THEMUSEUM features a wide array of cultural content, ranging from Jane Goodall to Andy Warhol. We caught up with Laurel McKellar, Director of Programs & Exhibitions, to get a closer look at the inner workings of THEMUSEUM.
Q: What can we expect to see at THEMUSEUM?
A: Currently, we have our exhibit on Egypt called Unwrapping Egypt that opened in mid-May. It’s a partnership with the Egyptian Art Centre in Cairo, Egypt and it features over 400 artifacts, with a focus on King Tut.
What’s neat about the exhibit is that it features a lot of replicas so that you get an up close look at all the items that are not allowed to leave Egypt anymore. So that’s really exciting for us. It will run until the end of February 2015. We’ve layered on a lot of programming for different audiences, such as children and families in summer, and with more adult content in the Fall with the launch of our Egyptian Dialogues speaker series.
Q: What has the response been like for this exhibit?
A: It’s been a great response and the summer months have been great for us. We’ve added another feature – Justine the mummy. She’s a 3000 year old mummy and will be on display until the remainder of the exhibit.
Q: What is your role at THEMUSEUM?
A: I’ve been here for ten years at THEMUSEUM. It’s been great for me as I’ve had a number of roles: I started as an interpreter, I delivered programs on the floor to visitors, and I was involved in our education department organizing school groups that came in for our curriculum program. Since then, I’ve been heading up the programming department and the exhibits department as well.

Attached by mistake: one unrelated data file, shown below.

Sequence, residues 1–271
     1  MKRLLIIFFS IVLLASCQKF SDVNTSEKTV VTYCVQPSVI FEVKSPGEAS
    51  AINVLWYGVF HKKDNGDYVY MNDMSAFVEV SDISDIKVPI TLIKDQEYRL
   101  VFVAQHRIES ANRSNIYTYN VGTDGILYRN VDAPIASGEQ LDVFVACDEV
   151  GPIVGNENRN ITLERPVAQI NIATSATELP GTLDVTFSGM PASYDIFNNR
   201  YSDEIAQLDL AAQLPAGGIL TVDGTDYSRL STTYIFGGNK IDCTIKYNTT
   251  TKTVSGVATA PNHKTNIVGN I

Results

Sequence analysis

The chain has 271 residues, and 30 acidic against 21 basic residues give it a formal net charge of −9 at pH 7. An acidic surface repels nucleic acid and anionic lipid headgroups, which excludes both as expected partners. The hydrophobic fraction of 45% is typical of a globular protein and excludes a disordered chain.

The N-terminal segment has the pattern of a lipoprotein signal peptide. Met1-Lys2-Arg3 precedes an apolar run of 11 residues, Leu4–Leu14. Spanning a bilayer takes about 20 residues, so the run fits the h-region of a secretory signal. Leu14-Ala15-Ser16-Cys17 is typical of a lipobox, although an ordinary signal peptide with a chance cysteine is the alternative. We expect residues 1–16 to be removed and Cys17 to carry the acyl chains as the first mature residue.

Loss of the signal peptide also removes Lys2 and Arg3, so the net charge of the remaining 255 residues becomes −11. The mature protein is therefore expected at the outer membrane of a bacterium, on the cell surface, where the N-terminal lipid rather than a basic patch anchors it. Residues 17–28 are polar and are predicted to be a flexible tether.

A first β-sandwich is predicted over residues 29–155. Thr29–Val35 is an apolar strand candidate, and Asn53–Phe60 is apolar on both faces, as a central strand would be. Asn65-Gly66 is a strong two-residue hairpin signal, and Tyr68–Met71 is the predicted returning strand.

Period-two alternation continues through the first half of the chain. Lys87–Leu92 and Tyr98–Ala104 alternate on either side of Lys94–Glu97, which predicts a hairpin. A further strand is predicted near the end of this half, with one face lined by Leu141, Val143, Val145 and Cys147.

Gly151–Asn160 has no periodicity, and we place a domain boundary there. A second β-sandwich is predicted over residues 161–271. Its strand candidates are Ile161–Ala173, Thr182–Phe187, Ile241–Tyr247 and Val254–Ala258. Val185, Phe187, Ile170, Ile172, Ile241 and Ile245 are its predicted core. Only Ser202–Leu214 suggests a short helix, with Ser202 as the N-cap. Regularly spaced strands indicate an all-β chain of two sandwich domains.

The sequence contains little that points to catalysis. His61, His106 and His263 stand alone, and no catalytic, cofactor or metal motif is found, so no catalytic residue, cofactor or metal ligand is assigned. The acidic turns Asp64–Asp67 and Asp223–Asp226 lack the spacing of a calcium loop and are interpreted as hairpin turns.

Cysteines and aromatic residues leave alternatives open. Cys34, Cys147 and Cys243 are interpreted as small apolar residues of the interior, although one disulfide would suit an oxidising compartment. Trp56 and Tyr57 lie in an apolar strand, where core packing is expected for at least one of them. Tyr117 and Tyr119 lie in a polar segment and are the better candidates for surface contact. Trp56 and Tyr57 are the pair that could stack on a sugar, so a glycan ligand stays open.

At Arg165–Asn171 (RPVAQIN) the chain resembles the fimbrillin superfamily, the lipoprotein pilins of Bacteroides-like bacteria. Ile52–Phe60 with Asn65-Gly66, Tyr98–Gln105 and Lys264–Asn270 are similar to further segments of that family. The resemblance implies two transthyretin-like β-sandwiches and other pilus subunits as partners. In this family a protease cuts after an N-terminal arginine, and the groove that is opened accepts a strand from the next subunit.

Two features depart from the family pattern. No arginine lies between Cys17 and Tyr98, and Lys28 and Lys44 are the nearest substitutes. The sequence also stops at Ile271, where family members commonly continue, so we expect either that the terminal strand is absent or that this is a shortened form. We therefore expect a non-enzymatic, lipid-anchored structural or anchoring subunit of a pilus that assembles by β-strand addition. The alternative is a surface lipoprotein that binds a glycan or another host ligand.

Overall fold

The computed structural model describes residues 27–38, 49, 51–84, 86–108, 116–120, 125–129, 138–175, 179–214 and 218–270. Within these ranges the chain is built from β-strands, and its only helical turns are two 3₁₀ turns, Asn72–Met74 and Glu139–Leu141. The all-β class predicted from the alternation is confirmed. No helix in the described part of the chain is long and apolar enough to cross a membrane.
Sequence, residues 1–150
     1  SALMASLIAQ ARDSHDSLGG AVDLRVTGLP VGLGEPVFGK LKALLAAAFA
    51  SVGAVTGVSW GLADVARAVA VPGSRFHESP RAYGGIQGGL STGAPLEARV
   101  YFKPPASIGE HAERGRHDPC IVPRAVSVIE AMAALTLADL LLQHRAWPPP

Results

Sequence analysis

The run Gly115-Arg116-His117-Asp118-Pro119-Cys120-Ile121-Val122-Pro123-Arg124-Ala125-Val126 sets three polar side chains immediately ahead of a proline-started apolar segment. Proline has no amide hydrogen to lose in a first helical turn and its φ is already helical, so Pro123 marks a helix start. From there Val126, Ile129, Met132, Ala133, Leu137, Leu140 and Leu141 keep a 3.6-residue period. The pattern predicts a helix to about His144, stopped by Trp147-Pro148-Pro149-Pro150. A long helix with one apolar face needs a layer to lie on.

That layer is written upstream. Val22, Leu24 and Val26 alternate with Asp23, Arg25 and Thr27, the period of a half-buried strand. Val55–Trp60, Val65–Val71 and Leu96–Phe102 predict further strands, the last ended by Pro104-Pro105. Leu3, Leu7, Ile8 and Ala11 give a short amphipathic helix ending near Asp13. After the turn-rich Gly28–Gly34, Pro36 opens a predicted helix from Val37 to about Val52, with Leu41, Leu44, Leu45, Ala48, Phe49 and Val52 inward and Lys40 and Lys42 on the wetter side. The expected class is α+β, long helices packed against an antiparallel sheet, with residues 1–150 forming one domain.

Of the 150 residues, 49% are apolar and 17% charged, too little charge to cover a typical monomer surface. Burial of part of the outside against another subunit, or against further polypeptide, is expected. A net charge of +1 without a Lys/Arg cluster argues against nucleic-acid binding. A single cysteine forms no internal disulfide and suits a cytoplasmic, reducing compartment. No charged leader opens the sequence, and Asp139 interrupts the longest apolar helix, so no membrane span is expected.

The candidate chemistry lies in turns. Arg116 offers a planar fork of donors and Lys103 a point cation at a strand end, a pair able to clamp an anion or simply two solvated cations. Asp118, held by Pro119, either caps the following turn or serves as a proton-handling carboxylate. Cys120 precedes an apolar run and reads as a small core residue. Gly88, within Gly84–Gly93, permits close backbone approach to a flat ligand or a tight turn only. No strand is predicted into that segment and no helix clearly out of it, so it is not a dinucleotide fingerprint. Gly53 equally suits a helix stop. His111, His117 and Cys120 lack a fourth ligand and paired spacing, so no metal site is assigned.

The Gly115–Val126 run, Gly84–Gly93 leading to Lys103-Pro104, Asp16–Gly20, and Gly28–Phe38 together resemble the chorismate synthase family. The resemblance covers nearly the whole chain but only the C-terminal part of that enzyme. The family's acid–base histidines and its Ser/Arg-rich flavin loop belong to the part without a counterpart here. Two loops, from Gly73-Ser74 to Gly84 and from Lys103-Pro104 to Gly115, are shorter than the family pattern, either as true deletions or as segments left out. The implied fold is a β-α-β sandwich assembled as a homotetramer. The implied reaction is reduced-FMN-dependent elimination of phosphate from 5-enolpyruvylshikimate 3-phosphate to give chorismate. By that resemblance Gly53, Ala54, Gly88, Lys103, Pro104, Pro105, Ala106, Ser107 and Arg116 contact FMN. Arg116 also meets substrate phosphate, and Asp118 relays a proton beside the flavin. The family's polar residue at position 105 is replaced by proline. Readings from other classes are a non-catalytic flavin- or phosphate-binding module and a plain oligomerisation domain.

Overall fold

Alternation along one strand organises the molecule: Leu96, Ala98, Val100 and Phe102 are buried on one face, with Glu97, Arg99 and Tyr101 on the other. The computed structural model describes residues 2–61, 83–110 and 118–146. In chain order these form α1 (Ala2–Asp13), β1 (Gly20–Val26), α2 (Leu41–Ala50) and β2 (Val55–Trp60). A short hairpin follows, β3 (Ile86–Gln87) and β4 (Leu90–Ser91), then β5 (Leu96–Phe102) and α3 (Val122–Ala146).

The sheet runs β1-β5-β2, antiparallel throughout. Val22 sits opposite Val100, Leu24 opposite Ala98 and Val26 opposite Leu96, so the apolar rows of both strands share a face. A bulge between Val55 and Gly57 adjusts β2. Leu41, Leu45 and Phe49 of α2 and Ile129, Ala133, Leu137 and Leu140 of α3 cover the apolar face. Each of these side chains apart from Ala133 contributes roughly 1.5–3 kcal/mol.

Q: How do you curate what goes in the exhibits?
A:It’s really a team effort here. We’re a small team and we take our mission seriously. We scan the globe for fresh content and have a look at what we can bring in – I arrange all of the logistics around that. Exhibits come to us in all forms: it could be a pre-existing travelling exhibit, or something we create with a guest curator, another organization, or an artist.
We’re not a traditional museum – we’re an “un-museum”. We don’t have a traditional collection. We try to have a unique point of view when bringing in an exhibit. For example, if the exhibit has objects, we take the objects and use them to stage experiences. The experience creates the transformative connections for audiences. We like to have something unexpected or that presents different points of view.
Q: Has there been any exhibit that you found unique and special to you?
A: I have an Art History background and I love connecting and working with local artists. One of my favourites was the Yoko Ono exhibit. She’s a great contemporary artist, but most know her for her connection to The Beatles. Her work lends well to family audiences. One of the pieces showcased was really interactive and our members really got in to it and added more to the displays, making it a really participatory experience, but still maintaining the contemporary aspect to it.
Q: What is your future vision for THEMUSEUM?
A: We’ve been going through strategic planning with our Board of Directors and coming up with a few different plans moving forward. We’re not only a children’s museum or a place for exhibits, events or rentals, but also a community stage. There’s a lot of opportunity for us for collaboration moving forward and showcasing the talent that we have here in the community. We want to continue to be accessible and be financially stable, and still bring in fresh cultural content that will be engaging.